Spills

Chemical spills can be handled effectively if some pre-planning has been conducted. Individuals should become familiar with proper clean-up procedures before a spill occurs. Commercial spill kits are available (chemistry stores) that have instructions, absorbents, reactants and protective equipment. Common examples: dolomite will neutralize HF. A sulfur-based mixture is used on mercury spills to form a compound with a much lower vapor pressure. A vacuum line, needle-nose pipette, and trap can be used to draw up the spill. The MSDS for a particular chemical will provide specific information about neutralizing agents.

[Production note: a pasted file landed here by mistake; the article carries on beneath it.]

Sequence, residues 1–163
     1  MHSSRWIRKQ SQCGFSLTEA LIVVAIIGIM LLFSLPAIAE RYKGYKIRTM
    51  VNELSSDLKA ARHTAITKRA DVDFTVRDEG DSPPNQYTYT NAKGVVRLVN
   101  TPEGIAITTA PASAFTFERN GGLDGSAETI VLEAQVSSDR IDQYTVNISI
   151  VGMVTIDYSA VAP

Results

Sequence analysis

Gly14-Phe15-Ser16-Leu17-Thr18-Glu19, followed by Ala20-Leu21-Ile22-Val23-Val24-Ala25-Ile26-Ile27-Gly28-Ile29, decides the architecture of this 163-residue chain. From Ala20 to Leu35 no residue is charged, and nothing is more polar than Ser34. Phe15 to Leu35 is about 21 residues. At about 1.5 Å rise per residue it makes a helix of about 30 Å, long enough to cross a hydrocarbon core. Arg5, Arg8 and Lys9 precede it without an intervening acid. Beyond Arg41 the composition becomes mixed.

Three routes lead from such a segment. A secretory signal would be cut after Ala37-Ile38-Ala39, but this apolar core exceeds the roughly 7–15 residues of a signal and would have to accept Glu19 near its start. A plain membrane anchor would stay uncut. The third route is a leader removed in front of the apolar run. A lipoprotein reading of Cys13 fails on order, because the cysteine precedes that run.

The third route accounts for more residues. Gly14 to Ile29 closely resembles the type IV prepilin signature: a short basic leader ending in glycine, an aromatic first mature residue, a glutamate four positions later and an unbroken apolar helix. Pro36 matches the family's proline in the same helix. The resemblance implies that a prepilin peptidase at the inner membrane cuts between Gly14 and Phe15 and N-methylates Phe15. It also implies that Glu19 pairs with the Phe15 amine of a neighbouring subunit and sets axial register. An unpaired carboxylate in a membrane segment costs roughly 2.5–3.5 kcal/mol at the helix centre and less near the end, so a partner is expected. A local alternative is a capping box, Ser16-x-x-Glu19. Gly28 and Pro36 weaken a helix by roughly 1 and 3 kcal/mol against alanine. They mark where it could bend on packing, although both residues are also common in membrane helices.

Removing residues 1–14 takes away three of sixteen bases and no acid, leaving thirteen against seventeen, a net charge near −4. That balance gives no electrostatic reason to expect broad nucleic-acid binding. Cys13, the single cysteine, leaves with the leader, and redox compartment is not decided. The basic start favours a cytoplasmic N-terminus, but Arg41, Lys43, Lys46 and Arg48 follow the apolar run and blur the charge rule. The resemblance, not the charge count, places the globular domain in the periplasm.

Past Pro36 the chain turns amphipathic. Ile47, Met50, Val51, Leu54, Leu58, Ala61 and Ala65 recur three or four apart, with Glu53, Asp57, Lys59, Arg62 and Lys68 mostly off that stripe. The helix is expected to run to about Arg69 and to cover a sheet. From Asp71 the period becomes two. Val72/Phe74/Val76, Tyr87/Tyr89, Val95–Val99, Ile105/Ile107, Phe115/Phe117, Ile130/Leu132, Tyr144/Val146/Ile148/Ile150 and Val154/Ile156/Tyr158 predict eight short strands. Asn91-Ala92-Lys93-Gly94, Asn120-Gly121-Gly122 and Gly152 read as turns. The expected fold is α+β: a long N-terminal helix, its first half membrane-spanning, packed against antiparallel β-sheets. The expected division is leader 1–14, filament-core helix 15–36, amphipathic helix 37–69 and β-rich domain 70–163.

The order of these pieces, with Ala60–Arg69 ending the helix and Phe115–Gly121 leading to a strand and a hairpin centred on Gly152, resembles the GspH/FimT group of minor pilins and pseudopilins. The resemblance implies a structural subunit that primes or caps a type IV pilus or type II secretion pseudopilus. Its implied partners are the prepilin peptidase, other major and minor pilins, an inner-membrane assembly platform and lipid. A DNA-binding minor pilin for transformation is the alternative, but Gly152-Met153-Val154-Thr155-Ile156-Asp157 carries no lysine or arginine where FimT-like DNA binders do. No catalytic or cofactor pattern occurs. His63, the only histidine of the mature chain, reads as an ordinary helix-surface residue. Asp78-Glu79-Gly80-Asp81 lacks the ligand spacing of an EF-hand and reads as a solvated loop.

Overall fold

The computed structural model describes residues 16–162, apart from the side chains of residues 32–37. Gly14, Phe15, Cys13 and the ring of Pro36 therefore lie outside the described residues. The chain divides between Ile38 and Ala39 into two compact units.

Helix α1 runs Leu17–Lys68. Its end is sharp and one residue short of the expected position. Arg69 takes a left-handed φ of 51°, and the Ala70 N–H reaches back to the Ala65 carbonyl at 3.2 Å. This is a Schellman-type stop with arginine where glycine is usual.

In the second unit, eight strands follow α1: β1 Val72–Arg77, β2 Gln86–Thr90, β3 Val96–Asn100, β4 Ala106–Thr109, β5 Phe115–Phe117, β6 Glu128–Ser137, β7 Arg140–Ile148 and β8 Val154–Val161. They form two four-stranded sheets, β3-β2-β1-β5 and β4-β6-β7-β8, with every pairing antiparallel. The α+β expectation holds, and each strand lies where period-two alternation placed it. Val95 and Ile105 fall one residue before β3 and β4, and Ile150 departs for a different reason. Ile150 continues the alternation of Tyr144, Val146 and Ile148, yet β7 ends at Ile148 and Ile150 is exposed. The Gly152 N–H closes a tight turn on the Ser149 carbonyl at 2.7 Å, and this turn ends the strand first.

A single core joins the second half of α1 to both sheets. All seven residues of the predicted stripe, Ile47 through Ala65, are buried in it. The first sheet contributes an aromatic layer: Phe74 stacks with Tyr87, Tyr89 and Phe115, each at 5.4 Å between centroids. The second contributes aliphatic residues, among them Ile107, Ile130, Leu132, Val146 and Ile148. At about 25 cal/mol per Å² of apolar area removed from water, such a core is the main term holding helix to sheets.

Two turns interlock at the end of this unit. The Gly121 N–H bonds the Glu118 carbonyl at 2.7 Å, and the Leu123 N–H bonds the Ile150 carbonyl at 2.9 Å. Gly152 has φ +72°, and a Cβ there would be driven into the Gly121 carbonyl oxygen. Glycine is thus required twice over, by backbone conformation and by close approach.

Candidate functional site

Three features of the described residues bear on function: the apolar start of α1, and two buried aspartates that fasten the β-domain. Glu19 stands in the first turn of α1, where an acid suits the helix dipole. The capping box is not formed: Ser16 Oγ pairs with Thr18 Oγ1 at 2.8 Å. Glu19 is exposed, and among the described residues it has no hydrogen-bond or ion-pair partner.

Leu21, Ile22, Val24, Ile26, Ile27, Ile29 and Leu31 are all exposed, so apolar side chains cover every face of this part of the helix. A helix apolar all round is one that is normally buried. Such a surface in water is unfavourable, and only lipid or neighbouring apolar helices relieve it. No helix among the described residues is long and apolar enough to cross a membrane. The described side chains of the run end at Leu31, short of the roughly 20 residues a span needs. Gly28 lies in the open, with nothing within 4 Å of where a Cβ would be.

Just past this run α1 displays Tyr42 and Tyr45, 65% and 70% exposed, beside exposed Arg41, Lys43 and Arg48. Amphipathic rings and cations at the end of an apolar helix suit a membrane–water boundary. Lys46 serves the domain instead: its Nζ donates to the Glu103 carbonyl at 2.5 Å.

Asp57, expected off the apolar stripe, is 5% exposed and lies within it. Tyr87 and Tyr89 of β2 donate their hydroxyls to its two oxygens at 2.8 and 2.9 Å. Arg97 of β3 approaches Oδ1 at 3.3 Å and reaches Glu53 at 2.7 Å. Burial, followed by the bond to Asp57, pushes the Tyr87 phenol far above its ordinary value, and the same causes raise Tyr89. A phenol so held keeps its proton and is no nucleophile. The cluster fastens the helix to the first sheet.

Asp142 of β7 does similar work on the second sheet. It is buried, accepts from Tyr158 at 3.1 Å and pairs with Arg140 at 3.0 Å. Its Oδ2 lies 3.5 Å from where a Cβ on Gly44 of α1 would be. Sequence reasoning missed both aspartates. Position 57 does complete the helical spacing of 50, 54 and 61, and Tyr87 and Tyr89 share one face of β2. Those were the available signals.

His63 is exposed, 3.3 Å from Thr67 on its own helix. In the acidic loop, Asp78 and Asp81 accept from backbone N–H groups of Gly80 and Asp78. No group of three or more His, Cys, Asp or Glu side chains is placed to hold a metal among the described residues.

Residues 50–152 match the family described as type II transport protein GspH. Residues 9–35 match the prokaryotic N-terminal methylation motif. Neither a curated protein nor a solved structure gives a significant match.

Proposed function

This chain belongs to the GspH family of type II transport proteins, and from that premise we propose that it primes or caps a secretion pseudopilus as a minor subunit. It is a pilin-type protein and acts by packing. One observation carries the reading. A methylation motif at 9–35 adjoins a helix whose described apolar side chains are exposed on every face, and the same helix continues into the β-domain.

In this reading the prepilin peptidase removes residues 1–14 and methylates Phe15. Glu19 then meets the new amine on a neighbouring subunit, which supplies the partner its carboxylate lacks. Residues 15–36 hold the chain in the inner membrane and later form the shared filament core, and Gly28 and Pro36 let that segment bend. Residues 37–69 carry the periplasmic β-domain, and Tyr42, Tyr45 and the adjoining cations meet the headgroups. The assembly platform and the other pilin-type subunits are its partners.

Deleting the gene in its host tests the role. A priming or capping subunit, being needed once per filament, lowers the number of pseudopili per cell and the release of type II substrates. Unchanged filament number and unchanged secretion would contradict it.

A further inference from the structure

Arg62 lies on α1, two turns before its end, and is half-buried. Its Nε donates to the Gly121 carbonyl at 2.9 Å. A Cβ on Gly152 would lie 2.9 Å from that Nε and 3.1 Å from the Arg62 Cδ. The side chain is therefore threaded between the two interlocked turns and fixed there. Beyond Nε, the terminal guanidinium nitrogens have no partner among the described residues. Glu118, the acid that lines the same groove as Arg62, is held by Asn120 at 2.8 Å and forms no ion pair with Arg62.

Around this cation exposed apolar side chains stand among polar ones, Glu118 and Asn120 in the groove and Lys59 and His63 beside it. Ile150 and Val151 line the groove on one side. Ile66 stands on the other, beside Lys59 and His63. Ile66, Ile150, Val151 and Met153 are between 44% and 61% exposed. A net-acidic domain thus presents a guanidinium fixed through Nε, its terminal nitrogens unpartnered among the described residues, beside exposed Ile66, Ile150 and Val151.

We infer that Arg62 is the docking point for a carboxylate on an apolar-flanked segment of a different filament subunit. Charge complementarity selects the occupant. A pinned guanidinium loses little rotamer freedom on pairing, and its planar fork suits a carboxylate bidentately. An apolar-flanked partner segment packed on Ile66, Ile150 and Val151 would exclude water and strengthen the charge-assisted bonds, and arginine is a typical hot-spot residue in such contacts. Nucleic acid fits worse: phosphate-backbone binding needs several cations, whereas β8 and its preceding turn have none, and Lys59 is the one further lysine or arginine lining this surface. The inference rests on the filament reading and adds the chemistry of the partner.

For flammable liquids, spark-producing equipment should be turned off. The spilled liquid should absorbed and the absorbing material should placed in a plastic bag and kept away sources of ignition. This material should be disposed of in the same manner as hazardous chemical waste For toxic chemicals, all spark-producing equipment should be turned off, and all experiments shut down. The room should be evacuated until it is decontaminated. Call the DESHS on (894-6224 or 894-4635) how to deal with a particular toxic spill. With acids or alkalis, do not neutralize spilled liquid unless you are sure that the resulting reaction will not release hazardous fumes or cause explosion. Otherwise, neutralize the spilled liquid and absorb it. For a mercury spill, droplets and pools of mercury metal can be pushed together and then collected by suction using an aspirator bottle with a long capillary tube or a vacuum device made from a filtering flask, a rubber stopper, and several pieces of flexible and glass tubing. Cover droplets of mercury in non-accessible crevices with calcium polysulfide and excess sulfur. These will form compounds with the mercury with much lower vapor pressures. Dispose of this material in the same manner as hazardous chemical waste. For alkali metals, smother the spill with a special dry powder extinguisher, and keep any and all moisture away from the spill.